Earlier this week I escaped - or rather, thought I had, from the world of stoves, firebricks, baffles, grates and replacement door glass for the afternoon. I caught the train up to town and headed for the closest public gallery to look at something completely different.
I wandered about, first discovering the impressionist paintings of Sisley, and then diverged to further 19th and 20th century painters. To my great surprise, there in the corner of the room was a little dark painting of Cezanne's. I could not believe it, this little study was of his stove! There it was, a little black cast iron stove on bendy legs, with a large pan sitting on the top, presumably filled with water for a cup of tea, or maybe it was for cleaning brushes. There is a glimmer of the fire through the little open door at the front of the burner and a pile of grey ash on the floor. Leaning on the wall behind is a large canvas with it's back to us, almost framing the stove that sits in front. The straight black flue pipe almost divides the painting in half. A lovely study, which gives a minute snapshot of what his studio and life was like.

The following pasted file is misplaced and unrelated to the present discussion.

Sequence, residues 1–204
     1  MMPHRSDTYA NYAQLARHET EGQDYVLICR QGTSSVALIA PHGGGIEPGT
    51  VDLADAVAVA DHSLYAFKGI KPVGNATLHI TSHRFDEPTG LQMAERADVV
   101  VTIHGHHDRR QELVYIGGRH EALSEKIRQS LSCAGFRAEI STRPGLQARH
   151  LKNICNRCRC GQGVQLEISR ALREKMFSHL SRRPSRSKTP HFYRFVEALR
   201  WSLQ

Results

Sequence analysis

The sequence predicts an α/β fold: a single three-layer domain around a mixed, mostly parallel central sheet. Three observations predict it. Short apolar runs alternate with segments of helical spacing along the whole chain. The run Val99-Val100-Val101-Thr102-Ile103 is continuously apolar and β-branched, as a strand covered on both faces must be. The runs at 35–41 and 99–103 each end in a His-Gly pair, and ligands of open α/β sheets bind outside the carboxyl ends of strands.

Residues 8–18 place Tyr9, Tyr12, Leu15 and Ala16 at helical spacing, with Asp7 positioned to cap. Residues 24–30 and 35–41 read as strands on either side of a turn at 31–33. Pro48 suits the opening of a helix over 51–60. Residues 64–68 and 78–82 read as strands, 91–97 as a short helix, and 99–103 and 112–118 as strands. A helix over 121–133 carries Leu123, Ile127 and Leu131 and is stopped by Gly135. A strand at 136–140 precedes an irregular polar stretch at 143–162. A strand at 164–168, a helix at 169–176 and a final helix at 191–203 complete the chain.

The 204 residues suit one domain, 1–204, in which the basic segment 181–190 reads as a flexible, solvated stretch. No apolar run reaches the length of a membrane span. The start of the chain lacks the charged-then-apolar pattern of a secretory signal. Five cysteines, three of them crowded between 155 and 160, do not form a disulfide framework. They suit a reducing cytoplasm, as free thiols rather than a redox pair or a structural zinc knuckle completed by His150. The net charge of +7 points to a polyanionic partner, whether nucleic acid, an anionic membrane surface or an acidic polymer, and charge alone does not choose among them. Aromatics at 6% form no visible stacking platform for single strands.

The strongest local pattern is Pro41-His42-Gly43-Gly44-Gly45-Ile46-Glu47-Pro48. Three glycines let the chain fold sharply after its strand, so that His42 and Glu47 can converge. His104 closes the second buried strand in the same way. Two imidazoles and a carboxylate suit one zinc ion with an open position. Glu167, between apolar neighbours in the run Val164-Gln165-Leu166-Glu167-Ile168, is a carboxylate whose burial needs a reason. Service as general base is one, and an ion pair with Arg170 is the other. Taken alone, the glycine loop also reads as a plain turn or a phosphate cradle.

I have always loved Cezanne's work and now I feel I have an even closer affinity, all down to his painting - The Stove in the Studio.
When you next have 10 minutes to spare and find yourself in Trafalgar Square, why not drop in to the National Gallery and see what surprises are in store.